Leading package delivery companies
United Parcel Service, Inc.
) received permits to trade in express-package business within
While FedEx received approval for operations in eight cities
including Shanghai, Guangzhou, Shenzhen, Hangzhou, Tianjin, Dalian,
Zhengzhou and Chengdu, UPS got access to five cities comprising
Shanghai, Guangzhou, Shenzhen, Tianjin and Xi'an.
Business approval in the Chinese domestic express domain not
only represents a milestone in business expansion for carriers like
FedEx and UPS but also signifies the growing demand in the emerging
FedEx and UPS, both are established players in the Chinese
international express market. FedEx started its international
operation in 1984, followed by UPS in 1988. According to market
reports, FedEx and UPS currently hold substantial market positions
in the international segment with share of approximately 20% and
Like other big players, namely, DHL Express and TNT Express,
these international companies only dealt in the import and export
business of China with other countries.
To date, the top four carriers (DHL, FedEx, UPS and TNT Express)
have succeeded in grabbing a large portion of international
business from predominant regional players like EMS of China Postal
Express & Logistics Co., Ltd. According to market studies,
these international freight carriers dominate approximately 80% of
the international business in China, given their advanced freight
solutions and global reach.
However, the domestic express business in China has so far been
captive to state-owned and private players only. EMS of China
Post continues to be the market leader in domestic arena joined by
peers like China Rail Express, China Air Express, ZJS Express, SF
Express and STO Express.
In 2009, DHL made an attempt to enter the domestic market by
acquiring three Chinese express companies. But the efforts remained
unsuccessful and the company suffered substantial financial losses
given intense price competitiveness and stringent regulation that
banned international carriers from entering domestic markets. As a
result, DHL backed out of its Chinese domestic presence by selling
back these companies in 2011.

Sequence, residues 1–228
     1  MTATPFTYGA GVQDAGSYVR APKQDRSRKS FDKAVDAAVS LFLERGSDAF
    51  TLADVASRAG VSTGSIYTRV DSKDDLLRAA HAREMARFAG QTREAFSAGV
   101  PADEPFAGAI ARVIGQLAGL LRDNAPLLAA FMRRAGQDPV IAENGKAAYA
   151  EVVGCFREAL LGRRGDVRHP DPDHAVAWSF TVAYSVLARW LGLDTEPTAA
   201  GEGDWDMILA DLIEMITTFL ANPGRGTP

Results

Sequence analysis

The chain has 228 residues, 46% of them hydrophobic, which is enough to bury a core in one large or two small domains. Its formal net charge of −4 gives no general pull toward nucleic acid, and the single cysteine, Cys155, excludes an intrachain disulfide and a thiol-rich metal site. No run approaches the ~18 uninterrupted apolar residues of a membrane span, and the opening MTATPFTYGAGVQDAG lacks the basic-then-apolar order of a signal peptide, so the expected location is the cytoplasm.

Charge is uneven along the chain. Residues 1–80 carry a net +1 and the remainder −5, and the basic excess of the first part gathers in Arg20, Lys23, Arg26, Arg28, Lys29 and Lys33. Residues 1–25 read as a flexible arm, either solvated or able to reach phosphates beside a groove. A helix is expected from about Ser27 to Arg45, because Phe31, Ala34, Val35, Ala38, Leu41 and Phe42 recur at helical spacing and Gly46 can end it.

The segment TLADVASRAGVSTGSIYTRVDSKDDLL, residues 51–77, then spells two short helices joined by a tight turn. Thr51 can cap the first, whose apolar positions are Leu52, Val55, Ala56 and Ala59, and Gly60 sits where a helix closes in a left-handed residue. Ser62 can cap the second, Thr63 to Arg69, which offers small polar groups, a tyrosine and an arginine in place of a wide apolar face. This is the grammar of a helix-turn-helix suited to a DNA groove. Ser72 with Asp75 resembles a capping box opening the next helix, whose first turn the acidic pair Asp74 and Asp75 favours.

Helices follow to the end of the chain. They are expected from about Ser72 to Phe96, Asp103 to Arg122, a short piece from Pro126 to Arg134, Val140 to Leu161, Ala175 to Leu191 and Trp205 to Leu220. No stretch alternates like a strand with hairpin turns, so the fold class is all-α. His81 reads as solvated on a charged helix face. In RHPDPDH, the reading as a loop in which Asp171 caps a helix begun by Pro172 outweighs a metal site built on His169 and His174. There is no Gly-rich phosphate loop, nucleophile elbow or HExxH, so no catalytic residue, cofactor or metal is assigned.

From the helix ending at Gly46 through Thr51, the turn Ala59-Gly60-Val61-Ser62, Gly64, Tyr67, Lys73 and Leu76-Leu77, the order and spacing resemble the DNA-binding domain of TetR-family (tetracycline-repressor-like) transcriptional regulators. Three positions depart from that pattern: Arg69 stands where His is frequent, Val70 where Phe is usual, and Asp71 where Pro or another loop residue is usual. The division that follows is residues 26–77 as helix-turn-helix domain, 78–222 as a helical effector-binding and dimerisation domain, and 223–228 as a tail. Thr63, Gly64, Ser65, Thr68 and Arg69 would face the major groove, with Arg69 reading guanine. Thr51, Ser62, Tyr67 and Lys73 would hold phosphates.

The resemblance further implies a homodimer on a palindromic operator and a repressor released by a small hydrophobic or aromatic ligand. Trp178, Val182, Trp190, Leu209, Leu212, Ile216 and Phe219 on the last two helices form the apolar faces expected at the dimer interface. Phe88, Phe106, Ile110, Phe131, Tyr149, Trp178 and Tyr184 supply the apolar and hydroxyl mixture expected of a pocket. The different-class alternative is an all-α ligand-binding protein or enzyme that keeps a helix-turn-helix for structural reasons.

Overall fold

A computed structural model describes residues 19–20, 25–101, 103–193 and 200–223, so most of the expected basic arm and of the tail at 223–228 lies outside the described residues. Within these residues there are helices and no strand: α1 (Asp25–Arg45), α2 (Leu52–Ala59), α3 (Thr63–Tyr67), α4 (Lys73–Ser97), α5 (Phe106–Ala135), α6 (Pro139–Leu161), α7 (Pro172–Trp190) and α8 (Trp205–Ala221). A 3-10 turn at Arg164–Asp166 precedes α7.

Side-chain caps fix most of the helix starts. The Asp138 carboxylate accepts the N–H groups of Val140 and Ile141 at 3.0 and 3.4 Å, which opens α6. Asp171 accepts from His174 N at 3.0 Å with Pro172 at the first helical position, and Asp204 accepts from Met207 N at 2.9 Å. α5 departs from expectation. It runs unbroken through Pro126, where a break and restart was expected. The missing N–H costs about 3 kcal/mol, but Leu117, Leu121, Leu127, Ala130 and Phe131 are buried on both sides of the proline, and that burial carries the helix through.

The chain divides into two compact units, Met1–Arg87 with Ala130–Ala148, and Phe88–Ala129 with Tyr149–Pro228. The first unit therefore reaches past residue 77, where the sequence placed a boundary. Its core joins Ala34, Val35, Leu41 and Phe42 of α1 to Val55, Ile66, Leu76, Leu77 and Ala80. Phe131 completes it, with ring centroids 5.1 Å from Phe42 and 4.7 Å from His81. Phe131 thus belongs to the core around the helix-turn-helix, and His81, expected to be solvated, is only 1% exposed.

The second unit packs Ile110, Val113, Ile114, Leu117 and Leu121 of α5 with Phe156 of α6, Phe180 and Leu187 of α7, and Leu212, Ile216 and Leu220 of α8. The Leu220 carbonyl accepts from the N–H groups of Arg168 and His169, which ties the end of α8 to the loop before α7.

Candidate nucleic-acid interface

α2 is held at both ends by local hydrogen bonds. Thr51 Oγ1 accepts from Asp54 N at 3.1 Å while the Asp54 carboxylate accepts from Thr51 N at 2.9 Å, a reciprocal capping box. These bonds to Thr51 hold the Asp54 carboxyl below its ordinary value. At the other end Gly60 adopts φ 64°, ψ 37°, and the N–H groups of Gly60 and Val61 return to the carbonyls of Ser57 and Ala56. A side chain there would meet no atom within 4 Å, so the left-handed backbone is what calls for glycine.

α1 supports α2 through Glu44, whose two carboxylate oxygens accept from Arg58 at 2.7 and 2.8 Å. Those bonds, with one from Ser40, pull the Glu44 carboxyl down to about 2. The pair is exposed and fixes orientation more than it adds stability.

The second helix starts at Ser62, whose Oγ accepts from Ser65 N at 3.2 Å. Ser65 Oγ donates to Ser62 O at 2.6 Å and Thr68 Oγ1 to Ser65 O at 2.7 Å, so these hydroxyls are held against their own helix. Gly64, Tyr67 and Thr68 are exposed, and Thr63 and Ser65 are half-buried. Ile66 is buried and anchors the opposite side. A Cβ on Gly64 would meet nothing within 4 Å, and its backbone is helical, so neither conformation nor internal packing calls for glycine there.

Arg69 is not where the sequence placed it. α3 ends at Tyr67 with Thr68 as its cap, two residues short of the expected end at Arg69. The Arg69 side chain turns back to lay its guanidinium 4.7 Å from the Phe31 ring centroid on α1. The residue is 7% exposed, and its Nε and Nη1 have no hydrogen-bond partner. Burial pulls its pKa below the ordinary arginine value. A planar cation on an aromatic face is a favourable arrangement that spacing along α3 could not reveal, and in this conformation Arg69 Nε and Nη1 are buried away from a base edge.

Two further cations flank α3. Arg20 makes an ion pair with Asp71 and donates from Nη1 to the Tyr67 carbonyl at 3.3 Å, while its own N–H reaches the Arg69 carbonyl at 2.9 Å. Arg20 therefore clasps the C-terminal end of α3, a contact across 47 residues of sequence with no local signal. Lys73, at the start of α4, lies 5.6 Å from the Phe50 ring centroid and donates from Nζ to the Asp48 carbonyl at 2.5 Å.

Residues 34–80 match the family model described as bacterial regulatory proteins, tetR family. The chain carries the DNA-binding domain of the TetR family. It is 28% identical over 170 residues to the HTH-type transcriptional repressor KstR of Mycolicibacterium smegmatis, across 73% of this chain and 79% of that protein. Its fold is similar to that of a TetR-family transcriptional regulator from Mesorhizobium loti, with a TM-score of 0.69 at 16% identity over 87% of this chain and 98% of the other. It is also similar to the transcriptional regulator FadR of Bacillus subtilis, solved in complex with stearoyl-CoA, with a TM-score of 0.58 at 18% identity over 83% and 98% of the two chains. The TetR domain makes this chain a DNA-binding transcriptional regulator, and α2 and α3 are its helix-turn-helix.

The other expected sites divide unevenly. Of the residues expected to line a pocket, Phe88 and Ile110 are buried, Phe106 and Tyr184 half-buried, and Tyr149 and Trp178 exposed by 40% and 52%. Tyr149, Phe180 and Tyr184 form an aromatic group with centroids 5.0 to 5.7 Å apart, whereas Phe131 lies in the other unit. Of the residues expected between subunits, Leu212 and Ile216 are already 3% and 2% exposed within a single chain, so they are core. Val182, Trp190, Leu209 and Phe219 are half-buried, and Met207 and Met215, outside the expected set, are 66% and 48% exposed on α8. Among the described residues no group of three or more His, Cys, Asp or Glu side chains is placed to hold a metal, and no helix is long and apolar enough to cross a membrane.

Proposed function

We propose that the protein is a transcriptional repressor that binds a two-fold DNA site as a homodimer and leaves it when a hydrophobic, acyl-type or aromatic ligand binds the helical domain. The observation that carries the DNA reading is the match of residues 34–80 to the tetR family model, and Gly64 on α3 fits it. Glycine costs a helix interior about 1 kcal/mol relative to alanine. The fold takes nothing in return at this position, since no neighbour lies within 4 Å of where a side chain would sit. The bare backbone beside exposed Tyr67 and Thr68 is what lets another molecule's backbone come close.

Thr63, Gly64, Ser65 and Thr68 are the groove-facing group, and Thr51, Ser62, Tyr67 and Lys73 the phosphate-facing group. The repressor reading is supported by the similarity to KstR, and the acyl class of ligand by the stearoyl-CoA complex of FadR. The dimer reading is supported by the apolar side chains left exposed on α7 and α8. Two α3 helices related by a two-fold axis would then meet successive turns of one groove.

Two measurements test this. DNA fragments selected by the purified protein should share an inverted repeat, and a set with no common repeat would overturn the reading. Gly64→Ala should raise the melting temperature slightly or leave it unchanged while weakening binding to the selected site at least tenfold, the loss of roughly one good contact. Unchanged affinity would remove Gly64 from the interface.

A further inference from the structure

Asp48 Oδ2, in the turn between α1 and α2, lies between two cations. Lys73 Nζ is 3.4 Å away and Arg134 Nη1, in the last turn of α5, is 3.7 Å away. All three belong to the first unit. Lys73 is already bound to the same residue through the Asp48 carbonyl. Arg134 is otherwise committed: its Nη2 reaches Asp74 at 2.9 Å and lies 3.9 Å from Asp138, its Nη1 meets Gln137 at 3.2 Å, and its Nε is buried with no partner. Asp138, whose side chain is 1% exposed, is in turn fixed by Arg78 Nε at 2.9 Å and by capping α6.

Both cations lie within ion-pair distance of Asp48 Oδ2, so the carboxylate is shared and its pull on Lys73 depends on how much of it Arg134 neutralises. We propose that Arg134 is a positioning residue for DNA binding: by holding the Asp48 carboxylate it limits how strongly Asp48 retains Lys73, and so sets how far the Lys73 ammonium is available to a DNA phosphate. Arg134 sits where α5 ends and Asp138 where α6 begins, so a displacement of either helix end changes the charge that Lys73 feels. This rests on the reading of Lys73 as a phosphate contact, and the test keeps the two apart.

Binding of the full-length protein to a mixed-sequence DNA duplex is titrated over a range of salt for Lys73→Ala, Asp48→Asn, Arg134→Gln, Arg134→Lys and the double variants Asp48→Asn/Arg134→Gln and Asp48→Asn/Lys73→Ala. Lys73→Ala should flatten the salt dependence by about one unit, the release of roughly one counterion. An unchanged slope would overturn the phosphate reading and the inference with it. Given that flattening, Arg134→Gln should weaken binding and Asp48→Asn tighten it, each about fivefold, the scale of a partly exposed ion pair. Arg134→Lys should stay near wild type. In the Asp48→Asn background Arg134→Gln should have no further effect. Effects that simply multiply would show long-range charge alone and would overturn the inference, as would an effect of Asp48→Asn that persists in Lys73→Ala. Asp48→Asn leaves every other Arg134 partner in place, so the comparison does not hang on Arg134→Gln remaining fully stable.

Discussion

Presently, the express delivery business in China is registering
rapid growth and is considered as the third largest market for
express services. According to China Express Delivery Industry
Report 2011, business revenue from this industry surged 30% year
over year to CNY53.14 billion and volumes grew over 50% to
approximately 2.52 billion. A large part of the growth can be
attributed to domestic transactions that grew substantially.
According to the industry report, cross region revenues were up
by approximately 37% and inner-city express business revenue
increased 58% year over year compared to international growth of
4.9%. The primary contributor to this boom is the aggressive growth
in Chinese e-commerce market.
Studies project that the e-commerce biz has grown by leaps and
bounds with CAGR of 90% over the past five years. China registered
approximately 150 million online shoppers, and with Internet-user
population of approximately 450 million, the e-commerce business is
only expected to grow, propelling the express delivery business.
According to State Post Bureau of China, by 2015, the express
industry is estimated to hit annual sales of CNY143 billion.
Despite having a large pool of domestic carriers (approximately
7,500 firms) the market demand for freight services remains
underserved with ever increasing customer dissatisfaction on
service offerings. With maximum daily volumes of approximately 18
million, package delivery companies are facing difficulties in
providing adequate service levels. As a result, opening doors for
more carriers into the Chinese market remains a sound strategy to
meet the surging demand for domestic package deliveries.
Given China's position in the express delivery market, we
believe the decision to move East by these freight carriers remains
positive in terms of revenue accretion as well as market share
gains. Since China is a highly fragmented market with a large
number of existing domestic carriers, we expect successful
penetration of these carriers can only be assessed over the long
term. Further, we believe fierce pricing competition at the
domestic level can restrict growth for the new entrants.
How far these global giants will be able to repeat their
international success in the domestic market is something to watch
out for. Whether they will play a fair game through organic growth
or repeat their European strategy of acquisition to benefit from
the existing set up is something to look forward to.
Currently, we maintain a long-term Neutral rating on FedEx and
UPS. For the short-term (1-3 months) FedEx holds a Zacks #3 Rank
(Hold), while UPS has a Zacks #4 Rank (Sell).
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